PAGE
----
The uproar over a new rule revoking full athletic eligibility from students after high school transfers got louder Tuesday when Gov. Tim Pawlenty weighed in against the change.
Pawlenty's concerns could add more steam to a legislative effort to overrule the Minnesota High School League's transfer rule, which is due to take effect in the fall.
Last week, the league's assembly voted unanimously to require students who transfer schools without changing their home address to sit out of varsity athletic competition for one year. The goal was to curb the type of recruiting more commonly associated with collegiate sports.
The Republican governor told reporters that he worries the rule will impede Minnesota's tradition of school choice through a long-standing open-enrollment law.
“If we're going to err on one side or the other we should err on the side of flexibility, mobility and choice.”Gov. Tim Pawlenty
"A lot of kids who are academically interested or motivated to move schools or school districts also happen to be in extracurricular activities," Pawlenty said. "You don't want to punish them."
He continued, "If we're going to err on one side or the other we should err on the side of flexibility, mobility and choice and not holding kids in their home district if they don't want to be there."
Pawlenty didn't endorse any specific action. But he said the state has the power to review the league's decision despite its standing as a nonprofit entity. He said the fact school districts get funded by and are governed by the state gives lawmakers authority to step in.
"We don't have to necessarily just do what they say," he said of the league.
On Monday, a House subcommittee voted in favor of a bill that trumps the new eligibility rule. A similar measure failed earlier this year in a Senate committee, but it could resurface as an amendment to other education bills.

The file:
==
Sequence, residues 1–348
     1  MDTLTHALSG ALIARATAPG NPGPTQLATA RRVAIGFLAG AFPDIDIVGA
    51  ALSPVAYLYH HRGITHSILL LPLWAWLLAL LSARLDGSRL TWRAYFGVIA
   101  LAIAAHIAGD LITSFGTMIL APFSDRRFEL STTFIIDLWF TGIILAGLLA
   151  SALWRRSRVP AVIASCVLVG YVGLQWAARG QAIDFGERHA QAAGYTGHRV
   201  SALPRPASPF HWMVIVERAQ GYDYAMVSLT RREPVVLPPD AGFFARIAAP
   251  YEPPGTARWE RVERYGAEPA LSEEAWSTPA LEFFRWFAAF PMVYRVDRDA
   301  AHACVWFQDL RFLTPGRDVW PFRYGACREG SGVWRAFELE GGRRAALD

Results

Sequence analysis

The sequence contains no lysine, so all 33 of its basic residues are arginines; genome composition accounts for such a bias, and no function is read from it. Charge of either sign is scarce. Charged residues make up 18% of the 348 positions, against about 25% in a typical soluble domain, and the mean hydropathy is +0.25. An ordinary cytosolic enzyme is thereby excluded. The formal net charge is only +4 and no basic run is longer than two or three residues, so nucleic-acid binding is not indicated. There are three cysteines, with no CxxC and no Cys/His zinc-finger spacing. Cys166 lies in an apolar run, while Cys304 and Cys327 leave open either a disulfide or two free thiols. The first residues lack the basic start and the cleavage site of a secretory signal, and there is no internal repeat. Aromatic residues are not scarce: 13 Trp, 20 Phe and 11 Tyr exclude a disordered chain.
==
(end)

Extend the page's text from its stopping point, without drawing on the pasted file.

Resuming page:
Sen. Linda Scheid, DFL-Brooklyn Park, said Pawlenty's comments should give her proposal new life. She said she's upset the league is restricting athlete playing time to get at a problem caused by coaches and parents who are trying to build elite teams through open enrollment.
Dave Stead, the body's executive director, didn't immediately return a phone message.
Senate Education Committee Chairman Chuck Wiger, DFL-North St. Paul, opposes the legislative involvement in the issue. He said the league's decision is well-grounded and would correct abuses in the system.
"The idea of stacking a team for competitive advantage is not fair," Wiger said. "The High School League realized it is an issue that needs to be addressed."
Currently, students can transfer once with no penalty. If they switch schools again without changing addresses, they must sit out half their varsity season.
Nearly 500 schools are members of the league, which governs athletics and fine arts competitions for more than 200,000 high school students statewide each year.
The league's revenue comes from state tournament ticket sales, broadcast rights, corporate partnerships and the sale of tournament merchandise.
(Copyright 2007 by The Associated Press. All Rights Reserved.)